The coronavirus is much, much more dangerous for the elderly than the young. A epidemiological study released several weeks ago by the Chinese Center for Disease Control and Prevention that found an overall COVID-19 case-fatality rate of 2.3 percent put the rate at 3.6 percent for those 60 to 69, 8 percent for those 70 to 79, and 14.8 percent for those 80 and older.

That obviously has implications for individuals as they assess the risks they face from COVID-19. It also matters for governments – because some places have a lot more old people than others.

Japan has the highest share of 65-plussers on the planet: 27.6 percent of its population in 2018, according to the World Bank. All the other countries where the percentage is above 20 percent are in Europe, with Italy leading the way at 22.8 percent. Italy is also the country with the second highest number of COVID-19 cases and deaths after China. That’s probably not a coincidence.

It’s not as if having a younger population will spare a country from major coronavirus trouble: Iran’s 65-plus share is just 6.2 percent, yet it seems overwhelmed by the disease. Still, it’s an indication that European countries with well-regarded universal health care systems will nonetheless face huge challenges as the disease spreads, and that nations in Africa and South Asia that are usually seen as especially vulnerable because of poverty and inadequate medical care may stand a chance of weathering this pandemic better than some rich countries do.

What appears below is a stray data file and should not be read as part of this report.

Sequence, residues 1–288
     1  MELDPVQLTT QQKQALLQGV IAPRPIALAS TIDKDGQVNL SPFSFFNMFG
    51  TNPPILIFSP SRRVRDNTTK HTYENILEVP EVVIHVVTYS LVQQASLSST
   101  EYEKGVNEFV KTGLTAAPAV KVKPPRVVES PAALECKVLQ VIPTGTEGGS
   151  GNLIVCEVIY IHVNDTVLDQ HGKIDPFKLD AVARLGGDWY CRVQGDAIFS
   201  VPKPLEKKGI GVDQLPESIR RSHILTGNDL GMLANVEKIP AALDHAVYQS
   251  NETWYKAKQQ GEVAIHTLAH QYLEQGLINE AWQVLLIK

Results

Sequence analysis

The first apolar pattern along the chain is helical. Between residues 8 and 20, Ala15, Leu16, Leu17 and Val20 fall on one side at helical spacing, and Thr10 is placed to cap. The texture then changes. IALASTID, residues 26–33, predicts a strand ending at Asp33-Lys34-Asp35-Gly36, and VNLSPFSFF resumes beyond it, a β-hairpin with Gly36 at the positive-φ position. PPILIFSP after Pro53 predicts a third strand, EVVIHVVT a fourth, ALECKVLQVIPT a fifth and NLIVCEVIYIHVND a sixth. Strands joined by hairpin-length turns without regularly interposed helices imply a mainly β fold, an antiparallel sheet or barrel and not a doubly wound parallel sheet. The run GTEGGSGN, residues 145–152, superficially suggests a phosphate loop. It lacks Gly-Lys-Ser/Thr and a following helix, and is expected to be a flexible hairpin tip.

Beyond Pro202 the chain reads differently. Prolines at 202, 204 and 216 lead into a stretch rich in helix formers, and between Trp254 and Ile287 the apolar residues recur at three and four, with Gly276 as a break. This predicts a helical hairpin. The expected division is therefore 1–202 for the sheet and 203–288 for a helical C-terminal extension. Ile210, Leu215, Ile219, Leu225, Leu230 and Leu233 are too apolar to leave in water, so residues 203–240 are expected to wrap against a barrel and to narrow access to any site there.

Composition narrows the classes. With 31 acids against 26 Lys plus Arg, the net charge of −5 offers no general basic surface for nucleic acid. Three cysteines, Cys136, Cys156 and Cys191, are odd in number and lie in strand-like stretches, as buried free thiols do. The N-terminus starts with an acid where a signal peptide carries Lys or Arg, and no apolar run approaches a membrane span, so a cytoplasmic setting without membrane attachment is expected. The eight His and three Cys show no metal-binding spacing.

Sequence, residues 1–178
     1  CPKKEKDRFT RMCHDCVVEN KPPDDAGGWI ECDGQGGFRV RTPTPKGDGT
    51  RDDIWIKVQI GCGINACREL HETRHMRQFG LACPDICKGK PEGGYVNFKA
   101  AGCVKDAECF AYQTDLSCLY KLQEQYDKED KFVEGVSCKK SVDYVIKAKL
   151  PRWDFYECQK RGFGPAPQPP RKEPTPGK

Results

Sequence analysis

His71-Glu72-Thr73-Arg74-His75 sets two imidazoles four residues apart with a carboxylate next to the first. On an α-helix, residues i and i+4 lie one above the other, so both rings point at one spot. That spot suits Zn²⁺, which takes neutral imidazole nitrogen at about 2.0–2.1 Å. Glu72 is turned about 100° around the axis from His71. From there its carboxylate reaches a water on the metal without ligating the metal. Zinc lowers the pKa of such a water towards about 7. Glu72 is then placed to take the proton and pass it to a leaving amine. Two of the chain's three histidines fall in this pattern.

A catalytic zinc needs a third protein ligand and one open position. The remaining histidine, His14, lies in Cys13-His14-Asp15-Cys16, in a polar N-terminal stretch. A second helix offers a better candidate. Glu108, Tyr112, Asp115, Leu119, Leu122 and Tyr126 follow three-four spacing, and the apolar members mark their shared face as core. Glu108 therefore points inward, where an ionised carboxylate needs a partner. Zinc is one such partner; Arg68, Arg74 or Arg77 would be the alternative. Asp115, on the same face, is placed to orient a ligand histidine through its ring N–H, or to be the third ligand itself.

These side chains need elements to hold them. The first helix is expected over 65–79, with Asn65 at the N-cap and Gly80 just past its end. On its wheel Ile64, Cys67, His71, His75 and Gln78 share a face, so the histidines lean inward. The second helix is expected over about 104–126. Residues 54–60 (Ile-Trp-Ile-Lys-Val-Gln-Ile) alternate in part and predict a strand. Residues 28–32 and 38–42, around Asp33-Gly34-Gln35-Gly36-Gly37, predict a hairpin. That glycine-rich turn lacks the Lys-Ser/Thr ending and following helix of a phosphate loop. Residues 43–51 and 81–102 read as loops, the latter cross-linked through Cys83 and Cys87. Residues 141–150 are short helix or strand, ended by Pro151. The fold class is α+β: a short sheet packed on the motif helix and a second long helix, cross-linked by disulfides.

Among wealthy countries, the U.S. population share of those 65 and older is on the low end: 15.8 percent in 2018. Still, there are states with age profiles that look more like Europe’s, with Maine and Florida leading the way at 20.6 percent and 20.5 percent. In large part because of a big exodus of younger residents both before and after Hurricane Maria, Puerto Rico is even higher, at 20.7 percent. Utah has the lowest share, at 11.1 percent.

It’s when you break it down by county that the really big differences appear.

The county with the nation’s highest senior-citizen share is Sumter County, Florida, home of the fast-growing retirement community, The Villages. Its proportion of residents 65 and older was 55.6 percent from 2014 to 2018, a period I used when comparing counties because single-year data for many smaller counties aren’t reliable, and 57.6 percent in 2018. That’s an estimated 74,162 people 65 and older in a county with 277 acute-care hospital beds.

Apart from other retirement destinations in the South and Southwest, most of the old-skewing counties are in rural areas, which tend to have inadequate access to health care. On the positive side, the virus will probably take longer to get to such areas. Still the maps do indicate an imbalance of health care resources and likely severity of coronavirus consequences. Some of these place are going to really need help.


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